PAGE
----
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Drugstore Girl
  |     review    |     availability     |



Availability:
DVD (Japan)
Region 2 NTSC
Geneon Entertainment
16x9 Anamorphic Widescreen
Japanese Language Track
Dolby Digital 5.1
Removable English Subtitles
Various extras

 
Year: 2004
Director: Katsuhide Motoki
Writer: Kankuro Kudo
Cast: Rena Tanaka, Akira Emoto, Yuji Miyake, Yoshiko Mita, Yu Tokui, Shinoi Eisuke, Rokuhira Naomasa, Masato Ibu, Kie Negishi, Naoki Sugiura, Kimiko Amari, Yumiko Fujita, Yoshiyoshi Arakawa
The Skinny: This quirky Japanese comedy from the writer of Go and Ping Pong has some entertaining moments, but it ultimately falls flat on its droll, self-amused face. Star Rena Tanaka is lovably cute, though that can only get you so far. If you must get a Japanese comedy/sports movie fix, see Ping Pong instead.
Review
by Kozo:
     Adorable Japanese idol Rena Tanaka stars in Drugstore Girl, a quirky comedy written by Kankuro Kudo, who adapted the intelligent and entertaining scripts for both Go and Ping Pong. Drugstore Girl shares some traits with Kudo's other works; all three films make a connection between the trials of one's body and peace of one's soul, and all three films possess quirky characters whose quirks are meant to make them endearing. However, unlike Ping Pong or Go, Drugstore Girl can't seem to reach a point beyond its pervasive quirkiness and low-key stabs at humor. Ultimately, the film doesn't seem to mean more than its semi-amusing parts.
     Rena Tanaka stars as Keiko Obayashi, a third year pharmacology student who goes into an emotional tizzy after finding her cheating boyfriend in the tub with another girl. Despondent, she hops a train and ends up in rural Masao, where she quickly applies for a part-time job at brand new drug superstore. The store is a problem for the local gentlemen, who populate the nearby Bamboo Mall with the same types of businesses (i.e., drugstore, convenience store, bakery). Led by Nabe-yan (screen veteran Akira Emoto), the five middle-aged men decide to take out the drugstore on its very first day. They plan to smoke it out and barricade themselves in, until somebody notices and sends the drugstore away.
     At this point, the movie looks like it's going to be a big business vs. small business thing with fresh-faced Keiko stuck in the middle. Well...it's not! Nope, Drugstore Girl takes a massive detour when the men enter the drugstore only to become immediately smitten by pretty young Keiko. What once was a film about the indignation of independent businessmen becomes a story of old guys macking on the pretty young thing at the drugstore. They even follow her to discover her alternate passion: playing lacrosse with her college club. It's creepy, but Keiko doesn't even notice. Even more, she volunteers to coach them when they form their own lacrosse club. Her motives are eventually revealed: she wishes to form a great team to show up her cheating ex-boyfriend. Their motives: to get a date with her, which she eventually offers if they can actually score a goal! The problem: they suck hard. Cue one hundred minutes of lackadaisical pacing and old men getting smacked around on the lacrosse field.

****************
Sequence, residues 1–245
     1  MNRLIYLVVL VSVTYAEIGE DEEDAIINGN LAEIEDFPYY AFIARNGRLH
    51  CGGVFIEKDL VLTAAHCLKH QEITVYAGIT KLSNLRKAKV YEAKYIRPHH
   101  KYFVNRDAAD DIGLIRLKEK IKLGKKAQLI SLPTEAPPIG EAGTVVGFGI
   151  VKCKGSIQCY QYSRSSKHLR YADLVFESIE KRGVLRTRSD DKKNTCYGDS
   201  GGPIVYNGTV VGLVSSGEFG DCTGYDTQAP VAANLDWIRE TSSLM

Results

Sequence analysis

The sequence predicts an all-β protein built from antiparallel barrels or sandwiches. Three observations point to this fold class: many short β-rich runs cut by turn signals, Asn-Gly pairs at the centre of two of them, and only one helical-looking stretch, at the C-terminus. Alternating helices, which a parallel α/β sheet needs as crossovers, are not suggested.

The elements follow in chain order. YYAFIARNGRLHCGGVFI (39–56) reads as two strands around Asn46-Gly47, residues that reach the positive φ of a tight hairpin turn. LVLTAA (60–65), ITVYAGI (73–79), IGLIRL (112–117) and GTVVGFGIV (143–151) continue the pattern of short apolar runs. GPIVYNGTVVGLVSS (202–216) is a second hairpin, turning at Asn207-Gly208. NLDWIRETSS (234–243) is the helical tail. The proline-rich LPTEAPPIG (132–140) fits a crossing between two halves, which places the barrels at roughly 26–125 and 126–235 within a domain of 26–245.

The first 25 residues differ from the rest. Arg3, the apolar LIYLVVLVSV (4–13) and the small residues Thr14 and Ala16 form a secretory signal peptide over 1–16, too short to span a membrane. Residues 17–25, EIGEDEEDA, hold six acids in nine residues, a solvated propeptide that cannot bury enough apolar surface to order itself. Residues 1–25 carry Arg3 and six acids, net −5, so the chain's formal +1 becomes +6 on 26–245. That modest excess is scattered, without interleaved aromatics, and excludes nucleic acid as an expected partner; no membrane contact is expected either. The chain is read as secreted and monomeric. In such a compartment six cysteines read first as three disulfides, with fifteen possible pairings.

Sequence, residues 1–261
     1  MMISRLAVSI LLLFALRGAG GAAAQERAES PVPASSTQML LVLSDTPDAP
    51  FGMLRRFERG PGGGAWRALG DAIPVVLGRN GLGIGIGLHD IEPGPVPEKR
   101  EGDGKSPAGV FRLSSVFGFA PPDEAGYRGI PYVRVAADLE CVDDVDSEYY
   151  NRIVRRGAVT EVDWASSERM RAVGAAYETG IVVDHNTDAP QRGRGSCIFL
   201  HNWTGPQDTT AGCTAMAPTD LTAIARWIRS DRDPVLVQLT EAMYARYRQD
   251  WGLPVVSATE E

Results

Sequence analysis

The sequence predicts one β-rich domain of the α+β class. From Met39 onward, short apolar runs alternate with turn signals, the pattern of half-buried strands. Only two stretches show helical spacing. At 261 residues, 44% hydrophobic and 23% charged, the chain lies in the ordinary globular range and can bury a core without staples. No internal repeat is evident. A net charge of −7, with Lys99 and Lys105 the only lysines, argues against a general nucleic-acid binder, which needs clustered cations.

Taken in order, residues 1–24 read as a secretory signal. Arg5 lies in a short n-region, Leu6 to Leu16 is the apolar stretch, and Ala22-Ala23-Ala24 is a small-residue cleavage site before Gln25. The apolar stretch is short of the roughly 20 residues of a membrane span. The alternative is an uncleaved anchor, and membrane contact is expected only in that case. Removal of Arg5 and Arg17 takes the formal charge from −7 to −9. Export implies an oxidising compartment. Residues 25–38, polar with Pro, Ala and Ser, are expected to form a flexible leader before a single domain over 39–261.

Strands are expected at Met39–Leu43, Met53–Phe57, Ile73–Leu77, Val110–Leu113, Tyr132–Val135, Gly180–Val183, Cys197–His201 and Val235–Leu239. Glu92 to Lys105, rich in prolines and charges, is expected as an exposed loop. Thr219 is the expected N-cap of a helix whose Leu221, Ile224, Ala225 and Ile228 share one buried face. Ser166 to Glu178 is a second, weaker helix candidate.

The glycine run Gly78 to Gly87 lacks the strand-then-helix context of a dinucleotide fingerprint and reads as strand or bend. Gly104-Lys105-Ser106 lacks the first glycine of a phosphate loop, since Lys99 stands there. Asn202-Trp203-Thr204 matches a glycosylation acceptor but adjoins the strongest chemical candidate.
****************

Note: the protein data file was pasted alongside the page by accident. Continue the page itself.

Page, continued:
Those who have an issue with Drugstore Girl's somewhat icky suplot—old guys who want to get it on with a pretty young girl—had best get over it. Everyone else in the film seems to not care about the pervy passions of the old men, whose public pronouncement of their affection for Keiko is seen as nothing more than the harmless ranting of over-the-hill dopes. Even Keiko doesn't seem to mind all that much. Screenwriter Kankuro Kudo basically gives her all the power, so she's never in any danger. Instead the focus is on something else, which is...well...something. Keiko is never going to turn her team into anything other than a minor joke, but the trials of the old men are somewhat amusing. Basically, their struggle is about trying to be only partial losers and not complete and total ones. Add that to the minor character issues, somewhat unbelievable events, and finally the overbearing quirkiness of the proceedings, and Drugstore Girl is just semi-amusing fluff.
     But is that really enough? Hardly. While Go and most especially Ping Pong made great use of quirkiness to create entertaining and affecting storylines, Drugstore Girl never becomes more than a sum of its parts. Kankuro Kudo and director Katsuhide Motoki dispense quirkiness at the expense of actual logic, and questions that should probably be answered go completely ignored. First of all, where does Keiko live? After leaving her boyfriend, she bums around at the homes of a couple of virtual strangers, only to disappear from the radar when the old men take center stage. Also, where the heck are Keiko's parents? Don't they care that she's homeless and is coaching a bunch of lecherous old guys?
     Yeah, these questions may seem like nitpicking in such a rampant sea of obviously quirky filmmaking, but the fact that they get asked betrays Drugstore Girl's greatest debit: it doesn't suspend disbelief enough to allow its collection of quirkiness to fly as an actual film. And the sports sequences aren't very interesting either. Overall, Drugstore Girl seems more amused with itself than anything else, which is hardly grounds for a recommendation. On the plus side, Rena Tanaka is cute, and the old guys are entertainingly dopey. Still, that can only get you so far. (Kozo 2004)
 
   
 
 
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